Count the UK among the list of countries where consumers are increasingly preferring contactless payments over cash at retailers and other points of sale. This follows a similar trend in other European countries, such as Sweden and Denmark, where consumers are gravitating to cashless payments. The UK scenario does have some limitations as VISA cashless payments are capped at £30 (US$43). Nonetheless, Visa Europe reports that contactless cards now account for one in seven sales, a significant increase compared with one year ago.
British shoppers are warming to contactless payments, with the use of “wave and pay” cards more than trebling in the past year alone as more retailers offer the technology to their customers. While much of this increase came from the introduction of contactless fares on the Transport for London network in late 2014, the company said the technology had already spread far beyond the capital’s buses and trains.
“Sixty percent of contactless transactions now take place outside the M25, confirming this isn’t just a London phenomenon. At this rate, cash will be seen as a peculiar way of paying for things in as little as five years’ time,” said Kevin Jenkins, UK and Ireland managing director.
Cashless payments overtook notes and coins last year, according to the Payments Council.
Watch for VISA Europe to become a more active player in the EU region as it slated to be sold by its 3,000 member European banks and merged with the US-based and publicly-held VISA, in a deal expected to close in mid-2016. The unified VISA will accelerate the transition from cash to digital and mobile payments and will strengthen its competitive standing in the world of global payments.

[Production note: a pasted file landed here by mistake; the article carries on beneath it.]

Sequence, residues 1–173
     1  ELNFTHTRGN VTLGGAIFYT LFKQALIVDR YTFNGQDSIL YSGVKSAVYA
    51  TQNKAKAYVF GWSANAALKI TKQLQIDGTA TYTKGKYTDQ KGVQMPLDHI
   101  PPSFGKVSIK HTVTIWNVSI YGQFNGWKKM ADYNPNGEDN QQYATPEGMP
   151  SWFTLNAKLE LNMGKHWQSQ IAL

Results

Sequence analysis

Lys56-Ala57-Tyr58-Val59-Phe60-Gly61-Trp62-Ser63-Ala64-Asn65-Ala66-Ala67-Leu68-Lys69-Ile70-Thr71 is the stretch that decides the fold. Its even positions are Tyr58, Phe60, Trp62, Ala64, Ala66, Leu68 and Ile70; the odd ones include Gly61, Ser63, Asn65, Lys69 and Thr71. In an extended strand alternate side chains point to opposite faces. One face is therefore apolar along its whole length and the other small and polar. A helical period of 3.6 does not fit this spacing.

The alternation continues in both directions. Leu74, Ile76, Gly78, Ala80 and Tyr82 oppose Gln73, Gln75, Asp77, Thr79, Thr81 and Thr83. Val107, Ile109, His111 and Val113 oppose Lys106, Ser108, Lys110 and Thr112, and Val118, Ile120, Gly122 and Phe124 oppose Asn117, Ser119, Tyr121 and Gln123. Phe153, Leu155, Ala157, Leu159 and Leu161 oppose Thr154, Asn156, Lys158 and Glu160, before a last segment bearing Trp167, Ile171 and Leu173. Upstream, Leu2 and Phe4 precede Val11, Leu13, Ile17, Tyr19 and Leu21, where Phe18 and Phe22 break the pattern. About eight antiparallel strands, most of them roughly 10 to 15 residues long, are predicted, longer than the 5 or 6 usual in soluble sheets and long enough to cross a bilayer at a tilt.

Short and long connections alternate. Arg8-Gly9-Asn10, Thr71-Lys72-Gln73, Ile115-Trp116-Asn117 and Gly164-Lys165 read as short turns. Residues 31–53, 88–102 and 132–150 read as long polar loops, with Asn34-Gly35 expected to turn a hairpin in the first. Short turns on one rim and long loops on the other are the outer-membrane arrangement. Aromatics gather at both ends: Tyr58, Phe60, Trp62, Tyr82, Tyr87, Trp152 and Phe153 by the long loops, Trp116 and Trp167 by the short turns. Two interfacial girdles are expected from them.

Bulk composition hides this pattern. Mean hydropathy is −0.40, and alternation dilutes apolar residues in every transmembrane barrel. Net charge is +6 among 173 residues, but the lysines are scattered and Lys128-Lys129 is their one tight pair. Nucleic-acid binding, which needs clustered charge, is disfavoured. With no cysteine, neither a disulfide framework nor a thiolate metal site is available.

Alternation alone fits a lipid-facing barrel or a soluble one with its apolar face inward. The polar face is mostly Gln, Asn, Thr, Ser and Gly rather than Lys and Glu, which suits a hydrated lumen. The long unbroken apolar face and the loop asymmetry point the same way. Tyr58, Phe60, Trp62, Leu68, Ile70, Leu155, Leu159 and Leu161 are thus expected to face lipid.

Visa Europe’s revenues come from fees from card issuers such as banks; charges for processing sales; and international transaction fees.
The firm, which is owned by more than 3,000 banks, is preparing to merge with Visa Inc, its US-listed sister firm, after 12 years as a separate firm. Visa Inc joined the stock market in 2008, in what was the largest initial public offering on record at the time.
British banks are in line for an estimated £1bn windfall from the sale of Visa Europe, which is set to complete before June. The firm also hopes to work more closely with its American partner on new technology such as Apple Pay, which uses mobile devices to pay in shops.
In the past year, Visa Europe distributed €739m to its owners in the form of rebates and joint-investment initiatives
Overview by Raymond Pucci, Associate Director, Research Service at Mercator Advisory Group
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